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Aethelwine's avatar

Is this the new norm for celebrating a birthday in Jr. High?

Asked by Aethelwine (42961points) September 9th, 2016

Today was the birthday of a classmate of my daughter. She turned 13. A small group of girls celebrated in the lunchroom during lunch. Six girls got to eat pizza, cupcakes and white chocolate covered strawberries. There were also balloons. This was done in front of 45–50 other students.

This is expected in grade school, but Jr High? I’m friends with some of the parents of the girls because my daughter was close with them in grade school. There was a facebook post from one of the moms with a pic of the girls. The mom is a teacher at the school. The caption read “another spoiling down!” Apparently they are going to do this for each girl in their clique.

Am I the only one who feels this is a bit much? I’m sure some of the less fortunate felt left out. My daughter thought it was over the top.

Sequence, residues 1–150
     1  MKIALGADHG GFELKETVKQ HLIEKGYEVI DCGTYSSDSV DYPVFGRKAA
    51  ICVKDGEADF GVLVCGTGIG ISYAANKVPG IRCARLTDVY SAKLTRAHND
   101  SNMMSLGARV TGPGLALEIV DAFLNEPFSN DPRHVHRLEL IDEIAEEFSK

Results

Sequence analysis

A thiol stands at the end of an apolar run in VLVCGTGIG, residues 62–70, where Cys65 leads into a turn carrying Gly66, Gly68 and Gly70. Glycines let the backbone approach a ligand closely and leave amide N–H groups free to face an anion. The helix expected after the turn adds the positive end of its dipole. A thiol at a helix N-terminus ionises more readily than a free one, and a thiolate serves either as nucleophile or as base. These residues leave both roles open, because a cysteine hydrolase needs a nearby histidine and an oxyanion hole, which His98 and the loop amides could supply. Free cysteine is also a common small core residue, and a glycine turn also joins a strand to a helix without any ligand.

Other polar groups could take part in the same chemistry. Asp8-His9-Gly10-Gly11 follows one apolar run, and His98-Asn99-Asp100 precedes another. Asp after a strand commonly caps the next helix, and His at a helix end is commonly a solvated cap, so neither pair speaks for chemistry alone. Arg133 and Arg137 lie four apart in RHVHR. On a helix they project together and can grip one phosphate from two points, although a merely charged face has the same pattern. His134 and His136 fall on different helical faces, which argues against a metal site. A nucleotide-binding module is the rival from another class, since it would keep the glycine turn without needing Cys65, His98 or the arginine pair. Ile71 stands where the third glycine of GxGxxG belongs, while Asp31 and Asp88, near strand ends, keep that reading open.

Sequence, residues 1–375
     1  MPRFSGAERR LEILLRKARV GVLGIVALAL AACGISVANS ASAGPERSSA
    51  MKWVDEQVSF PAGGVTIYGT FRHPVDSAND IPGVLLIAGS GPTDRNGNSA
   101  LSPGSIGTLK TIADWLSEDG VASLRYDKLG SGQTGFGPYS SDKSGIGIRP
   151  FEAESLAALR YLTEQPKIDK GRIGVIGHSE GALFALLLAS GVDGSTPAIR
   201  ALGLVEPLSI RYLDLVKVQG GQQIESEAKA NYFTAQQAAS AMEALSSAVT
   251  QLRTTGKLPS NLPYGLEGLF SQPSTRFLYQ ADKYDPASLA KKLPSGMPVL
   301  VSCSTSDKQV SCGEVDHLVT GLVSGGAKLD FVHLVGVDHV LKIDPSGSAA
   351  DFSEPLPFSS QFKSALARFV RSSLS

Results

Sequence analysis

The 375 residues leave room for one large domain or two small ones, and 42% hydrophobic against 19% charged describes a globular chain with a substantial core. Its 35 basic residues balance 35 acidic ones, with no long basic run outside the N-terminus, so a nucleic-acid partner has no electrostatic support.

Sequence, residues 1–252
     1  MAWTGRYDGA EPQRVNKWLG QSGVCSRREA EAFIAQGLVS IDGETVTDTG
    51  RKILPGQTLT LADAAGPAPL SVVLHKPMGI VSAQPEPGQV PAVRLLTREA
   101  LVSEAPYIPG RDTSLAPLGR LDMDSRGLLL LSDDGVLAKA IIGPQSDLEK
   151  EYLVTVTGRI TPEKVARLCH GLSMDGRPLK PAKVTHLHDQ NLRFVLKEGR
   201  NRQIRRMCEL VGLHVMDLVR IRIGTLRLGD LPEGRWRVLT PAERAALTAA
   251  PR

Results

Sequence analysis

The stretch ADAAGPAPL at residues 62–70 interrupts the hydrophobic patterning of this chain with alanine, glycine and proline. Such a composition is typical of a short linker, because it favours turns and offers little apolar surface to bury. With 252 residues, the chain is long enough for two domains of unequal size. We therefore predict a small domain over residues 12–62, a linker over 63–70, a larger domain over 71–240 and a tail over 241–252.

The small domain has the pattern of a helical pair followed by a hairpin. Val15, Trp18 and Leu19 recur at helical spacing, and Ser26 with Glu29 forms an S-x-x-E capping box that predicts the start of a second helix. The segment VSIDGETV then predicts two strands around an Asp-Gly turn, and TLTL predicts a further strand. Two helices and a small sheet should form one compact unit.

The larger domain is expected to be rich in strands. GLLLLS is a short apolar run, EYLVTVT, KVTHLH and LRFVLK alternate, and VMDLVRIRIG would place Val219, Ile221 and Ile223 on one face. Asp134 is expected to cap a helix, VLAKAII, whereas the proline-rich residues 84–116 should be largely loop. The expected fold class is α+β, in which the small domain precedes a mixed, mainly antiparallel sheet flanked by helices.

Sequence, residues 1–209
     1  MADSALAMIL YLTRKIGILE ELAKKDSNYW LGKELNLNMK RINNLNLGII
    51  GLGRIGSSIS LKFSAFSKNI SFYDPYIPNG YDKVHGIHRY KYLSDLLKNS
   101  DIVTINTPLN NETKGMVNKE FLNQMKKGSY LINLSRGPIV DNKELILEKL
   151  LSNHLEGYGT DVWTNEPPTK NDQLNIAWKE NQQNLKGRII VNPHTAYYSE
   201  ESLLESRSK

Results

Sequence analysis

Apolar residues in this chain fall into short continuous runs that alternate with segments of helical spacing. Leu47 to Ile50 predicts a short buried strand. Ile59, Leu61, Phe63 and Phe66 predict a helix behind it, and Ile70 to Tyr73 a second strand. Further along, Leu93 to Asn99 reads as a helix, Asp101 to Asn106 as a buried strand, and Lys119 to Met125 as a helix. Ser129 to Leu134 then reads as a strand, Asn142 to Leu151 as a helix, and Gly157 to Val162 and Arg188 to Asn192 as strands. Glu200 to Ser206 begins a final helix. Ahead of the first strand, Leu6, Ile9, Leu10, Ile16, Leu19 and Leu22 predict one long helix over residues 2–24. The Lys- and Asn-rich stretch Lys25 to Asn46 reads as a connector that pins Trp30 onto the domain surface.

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49 Answers

jca's avatar

I’m feeling bad for those left out (the ones left out who wished they could be included, obviously not the ones left out who don’t care or don’t like the girls). I’m also surprised they want to do it this way, in front of the school, and with a time limit. I’d think the fun of doing some kind of celebration would be away from school where it can be two hours if you want it to be, or the entire evening if you want it to be, not within a 40 or 50 minute lunch period.

Earthbound_Misfit's avatar

I don’t know if it’s the new norm, but obviously it’s been instigated by an ‘in group’ of parents with little thought for the kids who aren’t involved. I understand we want to celebrate our child’s birthday, but this sort of celebration should take place out of the school environment IMO. If everyone can’t be involved, nobody should be involved. If a kid wants to bring in cupcakes for their whole class, fine. Not for a small, elite group though.